While literally transforming a broken heart into a touching work of art isn't possible, there are many other therapeutic ways to pour emotions into your work. Here are a few ideas to strengthen this openness to a variety of feelings:
- Work on a freeing idea journal. This can be as structured or as random as you like. I fill mine with inspiration and ideas I get from movies, books, articles, and tutorials. Even a short quote has the potential to turn into a fascinating photo concept. This journal has taught me to keep my eyes open at all times and to embrace all kinds of genres, artists, and emotions.
- Take self-portraits. If you focus solely on portraits of others, you might be a little wary of self-portraiture. In my opinion, photographing oneself in a peaceful location leaves a lot of room for self-reflection and honesty. Additionally, it really strengthens patience and will, as both are greatly challenged during the shoot thanks to the continuous need to check for the right focus, expression, and background.
- Write short stories before a shoot. Creating an atmosphere before you even pick up your camera will clear your mind and help you take the best possible photos of others. While there's a great amount of potential in spontaneity, having several themes in mind throughout a portrait session will allow you to look out for certain emotions and gracefully guide your subject according to them.
- Leave your comfort zone. This doesn't mean you should do anything impulsive or dangerous. Start small. Ask yourself what you're really afraid of when it comes to your creative life. If commitment is something you fear, try out a 1-week photo project in which you explore various emotions or themes.
- Read books that have been written for writers. Highly skillful writers draw an audience into their characters' lives with the help of words only. A spellbinding book usually leaves us wanting more and more. Many writers are absolutely amazing at pouring feelings and emotions into their work. There's a lot of valuable information we can learn from them. While (very unfortunately) we can't have conversations with our favourite authors, we can consult the books that many writers use to create compelling stories.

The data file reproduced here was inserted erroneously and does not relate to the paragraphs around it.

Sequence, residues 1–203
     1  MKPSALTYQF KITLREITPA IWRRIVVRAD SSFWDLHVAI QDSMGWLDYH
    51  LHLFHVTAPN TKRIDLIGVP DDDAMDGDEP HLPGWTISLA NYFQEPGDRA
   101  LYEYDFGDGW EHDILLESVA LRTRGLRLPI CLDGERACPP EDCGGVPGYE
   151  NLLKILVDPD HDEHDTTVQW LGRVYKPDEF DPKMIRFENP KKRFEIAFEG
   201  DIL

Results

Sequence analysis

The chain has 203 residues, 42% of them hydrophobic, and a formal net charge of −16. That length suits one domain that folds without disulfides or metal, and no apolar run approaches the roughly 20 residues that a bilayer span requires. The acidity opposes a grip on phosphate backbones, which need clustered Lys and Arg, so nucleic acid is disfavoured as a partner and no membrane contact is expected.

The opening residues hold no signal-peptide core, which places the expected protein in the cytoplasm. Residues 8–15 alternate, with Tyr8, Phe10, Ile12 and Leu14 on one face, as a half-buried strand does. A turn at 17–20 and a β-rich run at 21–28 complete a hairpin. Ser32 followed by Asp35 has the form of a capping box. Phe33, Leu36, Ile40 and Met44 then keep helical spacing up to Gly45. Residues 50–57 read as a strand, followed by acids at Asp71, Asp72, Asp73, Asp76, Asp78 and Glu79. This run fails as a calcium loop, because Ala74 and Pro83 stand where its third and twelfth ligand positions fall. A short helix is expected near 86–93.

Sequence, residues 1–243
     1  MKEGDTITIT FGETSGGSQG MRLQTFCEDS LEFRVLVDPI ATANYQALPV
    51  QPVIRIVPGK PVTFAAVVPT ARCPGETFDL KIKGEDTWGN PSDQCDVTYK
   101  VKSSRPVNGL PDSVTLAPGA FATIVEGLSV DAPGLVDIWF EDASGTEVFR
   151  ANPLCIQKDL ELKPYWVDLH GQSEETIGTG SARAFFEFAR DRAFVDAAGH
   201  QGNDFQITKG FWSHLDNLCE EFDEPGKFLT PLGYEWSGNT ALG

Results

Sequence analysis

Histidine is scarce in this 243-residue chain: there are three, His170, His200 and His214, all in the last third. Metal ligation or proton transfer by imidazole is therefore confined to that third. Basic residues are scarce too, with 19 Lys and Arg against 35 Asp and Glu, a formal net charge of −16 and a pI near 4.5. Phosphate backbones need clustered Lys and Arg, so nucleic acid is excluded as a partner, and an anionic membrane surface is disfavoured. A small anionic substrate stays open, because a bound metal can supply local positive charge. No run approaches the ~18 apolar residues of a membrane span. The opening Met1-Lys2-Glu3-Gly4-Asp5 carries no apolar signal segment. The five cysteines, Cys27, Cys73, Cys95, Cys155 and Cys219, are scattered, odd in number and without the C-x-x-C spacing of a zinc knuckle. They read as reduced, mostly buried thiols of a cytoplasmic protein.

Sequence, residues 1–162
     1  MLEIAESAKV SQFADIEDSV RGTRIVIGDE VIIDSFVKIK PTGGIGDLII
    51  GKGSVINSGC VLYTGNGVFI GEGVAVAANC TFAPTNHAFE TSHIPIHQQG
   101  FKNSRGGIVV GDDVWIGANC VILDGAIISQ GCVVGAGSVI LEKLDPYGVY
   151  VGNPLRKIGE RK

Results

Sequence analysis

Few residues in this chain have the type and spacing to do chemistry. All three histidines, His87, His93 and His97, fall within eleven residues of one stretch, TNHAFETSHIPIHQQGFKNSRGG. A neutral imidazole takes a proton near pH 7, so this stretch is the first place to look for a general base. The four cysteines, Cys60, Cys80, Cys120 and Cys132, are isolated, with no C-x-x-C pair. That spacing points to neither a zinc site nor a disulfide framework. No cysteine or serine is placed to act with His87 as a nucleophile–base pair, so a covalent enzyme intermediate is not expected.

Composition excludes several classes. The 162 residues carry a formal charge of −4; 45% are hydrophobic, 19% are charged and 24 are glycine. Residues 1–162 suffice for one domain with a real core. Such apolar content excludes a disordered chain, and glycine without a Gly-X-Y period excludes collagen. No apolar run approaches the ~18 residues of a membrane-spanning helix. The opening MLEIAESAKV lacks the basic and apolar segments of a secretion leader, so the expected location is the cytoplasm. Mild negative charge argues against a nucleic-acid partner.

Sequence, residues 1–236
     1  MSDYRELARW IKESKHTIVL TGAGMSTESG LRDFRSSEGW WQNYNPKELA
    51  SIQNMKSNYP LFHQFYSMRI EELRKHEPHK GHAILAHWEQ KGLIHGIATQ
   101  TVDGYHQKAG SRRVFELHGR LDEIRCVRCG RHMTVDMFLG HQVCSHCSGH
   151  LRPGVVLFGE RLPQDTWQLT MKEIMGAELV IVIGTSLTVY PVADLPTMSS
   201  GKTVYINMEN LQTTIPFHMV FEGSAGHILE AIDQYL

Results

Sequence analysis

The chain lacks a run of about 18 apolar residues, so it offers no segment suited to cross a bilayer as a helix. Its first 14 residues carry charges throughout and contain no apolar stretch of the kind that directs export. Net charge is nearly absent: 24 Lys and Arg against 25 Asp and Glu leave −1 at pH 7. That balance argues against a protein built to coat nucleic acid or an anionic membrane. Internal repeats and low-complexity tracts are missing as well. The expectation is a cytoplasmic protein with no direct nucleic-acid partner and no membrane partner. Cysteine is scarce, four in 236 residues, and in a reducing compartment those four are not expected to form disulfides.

If none of these ideas appeal to you, use them as foundations for projects that will flawlessly match your preferences and style. I'm beyond confident that there's a magnificent idea waiting to be claimed and nurtured just by you.
If you're not driven by a desire to create directly emotional photographs, don't feel pressured. You don't need to cry in front of the camera to make something meaningful. Even simple headshots have the power to touch a viewer, be it due to the way light embraces a subject or due to the calming tranquility captured in a location. If tears in your personal photos are meaningful to you, don't worry about anyone else's preferences. There's room for everyone in this diverse world of vulnerability and meaning.
Find the concepts that speak to you and let them speak through you by using your skills and ideas fearlessly.
Keep learning, creating, and experimenting! 🙂